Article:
17.03.21 3 mins read
Motion Design & the Modern Game: Virtual Advertising
In the second part of our mini-series of posts on Motion Design & the Modern Game we’re turning our gaze to the sidelines, virtual advertising and sausage dogs.
I often wonder if players get distracted by animated billboards. It turns out they do.
Here’s a short clip of a player squaring the ball to Santa. Or there’s the time Swansea’s Renato Sanches passed the ball to the Carabao energy drinks logo – this one’s a little more embarrassing.
These short animated ad spots generate a wealth of cash for clubs. The price for LED advertising at our local club Bristol Rovers, starts at a cool £3,000 per minute.
It’s recently been announced that Man City are installing a two-tiered ‘Supersized LED’ system at the Ethiad later this year. However they aren’t the first club to increase the size of their advertising real estate. Back in 2018, Wolves introduced a two tier row of perimeter advertising offering advertisers the opportunity to appear on top of each other, or purchase a ‘Mega Minute’ of content spanning both screens.
Virtual Replacement Technology
Screens aren’t just getting bigger… they are getting smarter too.
Virtual Replacement Technology, introduced to a number of UK stadiums in 2017, makes it possible for editing software to track and replace billboard graphics as they are streamed to different TV audiences around the world.
LED billboards display one advert to fans sitting in the stadium, whilst the software replaces these adverts with different content for audiences worldwide. The technology allows clubs to tailor their advertising to specific international audiences.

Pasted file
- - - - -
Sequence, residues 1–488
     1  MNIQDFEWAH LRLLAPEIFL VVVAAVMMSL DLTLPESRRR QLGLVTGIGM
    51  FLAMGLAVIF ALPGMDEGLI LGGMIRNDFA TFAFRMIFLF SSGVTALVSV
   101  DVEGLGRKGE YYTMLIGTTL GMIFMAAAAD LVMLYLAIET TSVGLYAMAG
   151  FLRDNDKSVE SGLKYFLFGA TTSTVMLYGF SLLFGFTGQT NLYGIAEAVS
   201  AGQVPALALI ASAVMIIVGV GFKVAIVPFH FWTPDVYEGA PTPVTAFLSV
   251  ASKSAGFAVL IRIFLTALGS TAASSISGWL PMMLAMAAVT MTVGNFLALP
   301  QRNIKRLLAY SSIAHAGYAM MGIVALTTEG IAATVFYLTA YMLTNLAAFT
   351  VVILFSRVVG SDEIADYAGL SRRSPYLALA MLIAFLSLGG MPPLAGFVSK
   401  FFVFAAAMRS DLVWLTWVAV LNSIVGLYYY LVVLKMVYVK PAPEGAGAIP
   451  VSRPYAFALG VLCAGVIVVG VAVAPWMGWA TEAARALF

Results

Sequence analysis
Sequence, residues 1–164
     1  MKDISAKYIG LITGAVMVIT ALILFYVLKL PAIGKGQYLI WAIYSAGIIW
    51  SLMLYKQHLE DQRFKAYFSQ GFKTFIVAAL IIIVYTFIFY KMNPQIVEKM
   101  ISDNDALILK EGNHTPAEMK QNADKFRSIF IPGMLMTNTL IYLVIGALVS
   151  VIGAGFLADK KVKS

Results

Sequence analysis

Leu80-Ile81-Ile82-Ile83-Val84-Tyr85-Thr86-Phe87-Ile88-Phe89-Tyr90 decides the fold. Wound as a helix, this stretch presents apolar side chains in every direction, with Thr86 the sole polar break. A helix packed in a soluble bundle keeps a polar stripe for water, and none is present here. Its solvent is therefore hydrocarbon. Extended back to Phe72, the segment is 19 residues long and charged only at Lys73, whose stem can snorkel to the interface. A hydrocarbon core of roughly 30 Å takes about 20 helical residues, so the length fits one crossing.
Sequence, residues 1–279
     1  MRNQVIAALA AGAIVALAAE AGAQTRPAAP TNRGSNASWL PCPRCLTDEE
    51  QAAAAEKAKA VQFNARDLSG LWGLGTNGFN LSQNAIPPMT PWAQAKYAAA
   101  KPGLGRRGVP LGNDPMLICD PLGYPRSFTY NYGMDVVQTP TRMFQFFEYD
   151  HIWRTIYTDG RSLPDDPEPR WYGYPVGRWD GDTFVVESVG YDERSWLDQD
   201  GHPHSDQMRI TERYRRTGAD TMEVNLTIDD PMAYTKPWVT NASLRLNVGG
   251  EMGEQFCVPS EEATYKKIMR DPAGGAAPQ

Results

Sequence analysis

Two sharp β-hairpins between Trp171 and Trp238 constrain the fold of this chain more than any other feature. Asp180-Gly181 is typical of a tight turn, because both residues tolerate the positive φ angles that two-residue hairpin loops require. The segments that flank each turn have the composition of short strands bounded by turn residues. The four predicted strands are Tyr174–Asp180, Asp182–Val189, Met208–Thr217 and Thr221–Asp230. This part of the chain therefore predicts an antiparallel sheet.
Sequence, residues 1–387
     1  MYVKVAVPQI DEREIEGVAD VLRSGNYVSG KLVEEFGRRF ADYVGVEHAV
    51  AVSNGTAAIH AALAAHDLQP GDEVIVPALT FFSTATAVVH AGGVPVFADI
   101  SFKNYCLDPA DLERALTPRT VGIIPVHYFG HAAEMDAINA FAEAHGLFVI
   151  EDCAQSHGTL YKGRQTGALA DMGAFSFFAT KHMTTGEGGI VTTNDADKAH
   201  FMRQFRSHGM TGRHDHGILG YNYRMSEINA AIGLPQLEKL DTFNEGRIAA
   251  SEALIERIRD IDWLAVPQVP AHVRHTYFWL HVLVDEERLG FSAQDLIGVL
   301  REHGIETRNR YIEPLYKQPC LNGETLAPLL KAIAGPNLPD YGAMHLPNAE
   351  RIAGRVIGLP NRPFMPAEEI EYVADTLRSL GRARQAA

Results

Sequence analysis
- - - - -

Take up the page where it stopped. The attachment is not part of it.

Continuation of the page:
How soon it will be until we see this technology applied to other areas of the game? Perhaps tracking and replacing a shirt sponsor. Maybe you’d like to see your current team play in a classic kit? The video below shows virtual clothing experiments from Danil Krivoruchko that, although rudimentary, provide a clear impression of what could be achieved further down the line. I’d pay good money to see Pickford wearing England’s Euro 96 keepers kit.
Video Game Billboards & Mental Health
If virtual replacement technology feels a little dystopian, let’s move onto a story about virtual advertising that feels a touch more wholesome.
Sega’s Football Manager franchise includes billboard advertising lining the wings of its stadiums, featuring a mix of both real brands and fictional filler.
If one was so inclined, you could place a virtual advert into the game through London startup, Bidstack – a bidding platform, created to service ads, billboards and hoardings within console and PC games.
During the first Covid lockdown, the game gave away billboard advertising to Mental Health charities who were offering aid and advice during the Covid-19 crisis.
This isn’t the first time Football Manager have supported charities via their digital billboards. Back in 2018, Bidstack helped launch the ‘MindMate’ virtual advertising campaign that used geotargeted mental wellbeing ads in Football Manager stadiums. The game targeted previously hard-to-reach young men in Leeds with a local NHS ad. Clicking the billboard took users to the NHS website to find out more.
Simon Mitchell, chief creative officer at Bidstack, told The Drum:
“Bidstack is delighted to be working with the NHS and MindMate to raise awareness and support of mental health issues in young people; males in particular are hard to reach and engage, and the gaming environment in Football Manager is a great way to connect with them.”
Join us next time for our final post of this series, where we’ll be taking a look at the Premier League rebrand and Dixon Baxi’s motion principles.